{[ promptMessage ]}

Bookmark it

{[ promptMessage ]}


118-PROJECT-SAMPLE PART I-TEXT - Exxon Mobil Exxon...

Info iconThis preview shows pages 1–3. Sign up to view the full content.

View Full Document Right Arrow Icon
Exxon Mobil 1 Exxon Mobil (XOM) Financial Analysis PART A ECONOMIC CHARACTERISTICS I. Demand Price Sensitivity In the Sub-Industry of Integrated Oil and Gas, consumers are relatively price sensitive due to the nature of the market. High-energy prices decrease consumers’ purchasing power and force budget-conscious consumers to change their habits to reduce oil use. Although many corporations cannot limit their use of energy, they are also trying to minimize their cost by using energy efficient products since the days of cheap gasoline are over, according to Standard & Poor’s (S&P), and that prices are likely to increase over the long term (Pg.3). In facing the rapid increase of oil prices, Exxon Mobil (XOM), the world’s largest publicly held corporation, saw a 2.4% decline in oil production from year 2006 to 2007. This is due to the production limits set by Organization of Petroleum Exporting Countries (OPEC) where Exxon Mobil operates. In response to the decline in production, Exxon has decided to get out of the retail gasoline business and sell their low-margin stations to gasoline distributors. About 75% of Exxon Mobil's, roughly 12,000 stations in the U.S., are owned by branded distributors, who buy Exxon Mobil products and pay to use the name (Exxon Sells US Gas Stations to Distributors). Similar to that of Exxon Mobil, the oil production of Chevron (CVX), the world’s fifth largest non-governmental oil company, is also affected by the high-energy prices. Its oil output fell to the lowest level since 2005 due to the reduction of its share of output in countries like Nigeria and Indonesia. As a consequence, Chevron must increase output by 190,000 barrels a day, or 7.5 percent, for the rest of this year to meet its 2008 production target of 2.65 million barrels a day ( Chevron Reports Oil Output Slips ). Growth Profile As the global demand for energy continues to grow rapidly, local demand tends to decline as a result of high prices and a slowing U.S. economy. As of July 2008, Energy Information Administration (EIA) projected that U.S. gasoline demand would decline about 0.97% in 2008 and 0.11% in 2009, versus growth of 0.65% in 2007. The EIA also estimated that U.S. distillate demand would decline 1.66% in 2008 and remain near this level in 2009, versus a gain of 1.68% in 2007 (S&P Pg.8). Additionally, the demand growth over the next five years in the Organization for Economic Co-operation and Development (OECD) countries is expected to rise only slightly, and this oil demand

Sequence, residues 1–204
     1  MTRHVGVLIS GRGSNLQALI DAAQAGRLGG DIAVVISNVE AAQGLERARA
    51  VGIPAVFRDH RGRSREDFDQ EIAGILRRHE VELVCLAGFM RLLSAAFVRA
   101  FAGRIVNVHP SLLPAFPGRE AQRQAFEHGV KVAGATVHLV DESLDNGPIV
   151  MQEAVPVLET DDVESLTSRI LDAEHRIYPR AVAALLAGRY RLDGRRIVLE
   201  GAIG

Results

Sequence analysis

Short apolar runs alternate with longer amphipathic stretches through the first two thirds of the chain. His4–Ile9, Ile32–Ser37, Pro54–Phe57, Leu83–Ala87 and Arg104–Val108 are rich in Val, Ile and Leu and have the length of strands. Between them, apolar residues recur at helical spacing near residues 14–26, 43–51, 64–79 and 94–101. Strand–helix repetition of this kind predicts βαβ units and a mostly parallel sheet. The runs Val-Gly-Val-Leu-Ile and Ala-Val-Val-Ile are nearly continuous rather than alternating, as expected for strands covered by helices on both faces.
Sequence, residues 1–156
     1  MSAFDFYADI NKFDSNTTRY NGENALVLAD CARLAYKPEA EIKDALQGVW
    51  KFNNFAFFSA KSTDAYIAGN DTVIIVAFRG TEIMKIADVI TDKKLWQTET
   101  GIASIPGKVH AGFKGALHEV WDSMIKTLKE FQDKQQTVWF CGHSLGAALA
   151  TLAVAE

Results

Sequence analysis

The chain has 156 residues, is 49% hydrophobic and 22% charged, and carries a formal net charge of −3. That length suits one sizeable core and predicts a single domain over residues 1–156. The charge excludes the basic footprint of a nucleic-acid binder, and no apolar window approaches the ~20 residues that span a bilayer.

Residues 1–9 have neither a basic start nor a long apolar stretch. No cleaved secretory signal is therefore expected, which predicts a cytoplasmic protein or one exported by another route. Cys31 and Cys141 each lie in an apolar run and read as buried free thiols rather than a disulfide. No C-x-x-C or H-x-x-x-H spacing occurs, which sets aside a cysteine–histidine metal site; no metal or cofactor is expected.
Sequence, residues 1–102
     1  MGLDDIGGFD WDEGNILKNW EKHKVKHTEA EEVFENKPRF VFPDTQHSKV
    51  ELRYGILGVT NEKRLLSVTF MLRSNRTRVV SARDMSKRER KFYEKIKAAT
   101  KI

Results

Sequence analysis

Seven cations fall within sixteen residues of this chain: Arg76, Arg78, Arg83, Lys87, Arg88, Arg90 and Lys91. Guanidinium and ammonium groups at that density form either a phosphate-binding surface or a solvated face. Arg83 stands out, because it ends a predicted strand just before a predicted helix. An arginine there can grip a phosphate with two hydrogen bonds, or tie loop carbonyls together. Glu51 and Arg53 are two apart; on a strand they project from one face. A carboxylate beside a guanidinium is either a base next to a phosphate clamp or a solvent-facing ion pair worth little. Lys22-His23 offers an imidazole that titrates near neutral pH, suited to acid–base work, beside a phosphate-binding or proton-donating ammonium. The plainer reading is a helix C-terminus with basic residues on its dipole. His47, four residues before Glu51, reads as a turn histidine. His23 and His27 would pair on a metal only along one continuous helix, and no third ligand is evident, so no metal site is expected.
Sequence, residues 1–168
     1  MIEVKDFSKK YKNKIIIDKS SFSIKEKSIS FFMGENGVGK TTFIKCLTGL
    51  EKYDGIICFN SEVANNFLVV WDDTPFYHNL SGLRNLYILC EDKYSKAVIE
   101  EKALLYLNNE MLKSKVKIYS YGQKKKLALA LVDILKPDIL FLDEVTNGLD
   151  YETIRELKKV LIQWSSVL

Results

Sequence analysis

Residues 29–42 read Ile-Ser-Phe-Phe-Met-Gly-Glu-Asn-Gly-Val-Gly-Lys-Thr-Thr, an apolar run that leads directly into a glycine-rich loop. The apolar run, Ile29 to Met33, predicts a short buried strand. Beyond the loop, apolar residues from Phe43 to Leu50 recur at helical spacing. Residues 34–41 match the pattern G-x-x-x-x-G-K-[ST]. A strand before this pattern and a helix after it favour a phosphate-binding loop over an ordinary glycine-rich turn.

Background image of page 1

Info iconThis preview has intentionally blurred sections. Sign up to view the full version.

View Full Document Right Arrow Icon
Exxon Mobil 2 weakness is being offset by the strength in Asia and the Middle East. Strong economic and industrial production growth increased developing countries’ oil demand, associating with 90% of the demand growth. Global insight estimated that global oil demand growth would average 0.53 million b/d in 2008 and 0.60 million b/d in 2009, with the expansion of about 1.5 million b/d each year from 2008 to 2013. Consequently, by the end of 2013, global oil demand is expected to be almost evenly
Background image of page 2
Image of page 3
This is the end of the preview. Sign up to access the rest of the document.

{[ snackBarMessage ]}

Page1 / 17

118-PROJECT-SAMPLE PART I-TEXT - Exxon Mobil Exxon...

This preview shows document pages 1 - 3. Sign up to view the full document.

View Full Document Right Arrow Icon bookmark
Ask a homework question - tutors are online